Fourth, you need to be strategic about the establishments you visit. You want a place that is frequented by men (heed the advice above about manifesting, and make sure you're heading to places where the odds of meeting Mr. Right, not just any-old-Mister, are high). We went to a couple of places and had varying degrees of luck. We got our feet wet at an Irish pub--safe environment full of bacon-lovers and men--and then headed to a little fancier spot we tend to frequent. As we were heading out for the night, we did wonder if we'd be allowed to bring food in, or if they would shun our tasty treats. As it turns out, if you reserve a couple for your servers and bartenders it can go a long way.

About that last point, when our server at the Irish pub asked us about the cupcakes it was impossible to not tell her what we were doing. She thought the idea was brilliant, so of course we gave her a cupcake, and then we gave one to the bartender, and then when we got to the second bar, we gave five away to the owners/bartenders and serving staff, because we know them pretty well, and because they've had to put up with our craziness on more than one occasion. In the event you're keeping count, that's seven courtesy cupcakes gifted. And okay, we split one, so that's eight out and only four left for prospective charming guys. Whoops!

With our cupcakes rationed, we ended up handing two out to a couple of guys who were sitting near us at the Irish pub, our approach was just to ask them if they wanted cupcakes they said yes, ate them, enjoyed them, and then left (granted we asked them if they wanted cupcakes as they were preparing to leave). Neither of us wanted anything to come from giving these two away, it was actually more about proving to ourselves that we could actually give cupcakes away to people other than the employees of the establishments we were visiting. Social experiment victory!

When we were down to our final two cupcakes it was later in the evening and we were sitting at the bar in our final destination on a very uncharacteristically quiet night. Prospects were looking grim (only the group of guys which contained both the married man who would pay good money for a BACON CUPCAKE! and the guy who most definitely could not handle our fantastic boldness), until two nicely dressed and unmarried guys enter the bar. They sit at a high-top table behind us and we tried out a new pick-up move. We grab two coasters and place one cupcake on each. We give them to our server--who is in cahoots with us, especially after we give her a cupcake of her own, even in spite of the fact that she's a vegetarian--who takes them over to the table and says, "The lovely ladies at the bar have sent these cupcakes over to you." And it works like a charm (kind of like when someone sends over a drink, only it's a BACON CUPCAKE!). Social experiment victory! We ended up chatting with the guys for quite some time and yes, I got a phone number out of it (the phone number of a guy who is not quite what I'm looking for and who is also moving to Manhattan next week, but a phone number nonetheless. Say it with me, Internets, social experiment victory!).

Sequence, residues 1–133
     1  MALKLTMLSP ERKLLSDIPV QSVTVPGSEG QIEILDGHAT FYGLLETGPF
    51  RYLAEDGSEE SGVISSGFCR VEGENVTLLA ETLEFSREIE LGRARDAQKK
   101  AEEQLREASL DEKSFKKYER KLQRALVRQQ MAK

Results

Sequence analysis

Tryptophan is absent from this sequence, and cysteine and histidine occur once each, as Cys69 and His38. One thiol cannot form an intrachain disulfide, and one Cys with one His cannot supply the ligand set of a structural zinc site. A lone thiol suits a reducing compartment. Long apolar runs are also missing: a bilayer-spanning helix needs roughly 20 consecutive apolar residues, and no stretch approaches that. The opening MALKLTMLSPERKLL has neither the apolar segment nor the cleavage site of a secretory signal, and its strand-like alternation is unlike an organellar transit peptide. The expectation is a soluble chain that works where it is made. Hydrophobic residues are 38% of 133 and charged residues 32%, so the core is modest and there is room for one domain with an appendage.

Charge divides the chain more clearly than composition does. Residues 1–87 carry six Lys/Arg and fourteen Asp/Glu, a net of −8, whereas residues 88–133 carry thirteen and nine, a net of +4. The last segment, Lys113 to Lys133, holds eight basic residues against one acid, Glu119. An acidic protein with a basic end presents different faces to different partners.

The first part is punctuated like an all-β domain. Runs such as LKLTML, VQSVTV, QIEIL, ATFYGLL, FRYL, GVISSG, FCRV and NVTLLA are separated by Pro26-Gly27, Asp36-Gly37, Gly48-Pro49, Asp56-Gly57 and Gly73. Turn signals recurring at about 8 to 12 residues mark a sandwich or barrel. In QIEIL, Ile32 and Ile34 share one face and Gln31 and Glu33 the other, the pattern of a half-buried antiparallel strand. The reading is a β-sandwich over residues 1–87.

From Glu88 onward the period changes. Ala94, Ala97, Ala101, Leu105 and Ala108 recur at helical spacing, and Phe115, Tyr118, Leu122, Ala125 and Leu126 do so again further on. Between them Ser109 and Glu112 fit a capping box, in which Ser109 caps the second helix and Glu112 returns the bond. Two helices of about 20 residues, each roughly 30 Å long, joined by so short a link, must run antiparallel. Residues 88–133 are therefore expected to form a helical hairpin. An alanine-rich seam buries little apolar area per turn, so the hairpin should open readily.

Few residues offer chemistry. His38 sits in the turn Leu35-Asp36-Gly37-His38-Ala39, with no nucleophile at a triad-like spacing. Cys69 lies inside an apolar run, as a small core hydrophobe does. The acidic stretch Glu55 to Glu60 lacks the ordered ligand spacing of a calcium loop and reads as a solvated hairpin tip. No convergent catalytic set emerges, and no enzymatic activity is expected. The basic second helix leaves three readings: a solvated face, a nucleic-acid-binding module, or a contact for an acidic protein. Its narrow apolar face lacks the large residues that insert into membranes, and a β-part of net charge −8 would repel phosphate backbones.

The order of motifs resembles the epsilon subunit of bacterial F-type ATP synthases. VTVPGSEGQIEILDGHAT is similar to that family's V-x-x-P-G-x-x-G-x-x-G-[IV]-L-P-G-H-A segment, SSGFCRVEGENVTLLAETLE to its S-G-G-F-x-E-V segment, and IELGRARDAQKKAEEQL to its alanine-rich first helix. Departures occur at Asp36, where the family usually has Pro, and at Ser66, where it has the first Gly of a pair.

Don't be surprised if the Cupcake Twins are out again in the New Year. We've learned some important lessons that we need to put back into practice. Note to self: use bacon, don't give all your cupcakes to the waitstaff, focus on what you really want, sit at the bar, send cupcakes over--it's simultaneously mysterious, intriguing, domestic, and hilarious. And most importantly, regardless the executive decisions you make, always opt for bold and fantastic!


A social experiment with the Cupcake Twins--Part I

Sometimes an idea is hatched under the influence that might be potentially crazy and ridiculous, but because you are under the influence you know that it is undoubtedly the best idea you've had in your life. Ever.

This is how the Cupcake Twins were born.

A few weeks ago, a fellow single friend and I were out on the town, looking and feeling good, yet attracting nothing but married men. Perplexed, we put our big brains together figure out how we could change our luck and actually get single fellows to come our way. I won't take you through our entire thought process (as there was a lot of wandering around until we finally landed on the final product), but suffice it to say we boiled it down to the simple mind of a single man. Unsure on why we weren't attracting Mr. [Unmarried] Right to us, we decided we should reach into our bag of tricks and use an irresistible secret weapon: cupcakes.